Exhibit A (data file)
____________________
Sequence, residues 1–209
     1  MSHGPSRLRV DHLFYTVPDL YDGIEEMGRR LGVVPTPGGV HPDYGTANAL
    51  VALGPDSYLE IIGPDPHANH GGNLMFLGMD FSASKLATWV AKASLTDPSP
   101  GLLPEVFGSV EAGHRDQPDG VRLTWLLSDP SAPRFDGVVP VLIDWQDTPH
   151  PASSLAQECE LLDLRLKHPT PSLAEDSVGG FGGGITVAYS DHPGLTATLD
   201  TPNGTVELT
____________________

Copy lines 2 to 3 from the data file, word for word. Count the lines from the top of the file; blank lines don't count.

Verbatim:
     1  MSHGPSRLRV DHLFYTVPDL YDGIEEMGRR LGVVPTPGGV HPDYGTANAL
    51  VALGPDSYLE IIGPDPHANH GGNLMFLGMD FSASKLATWV AKASLTDPSP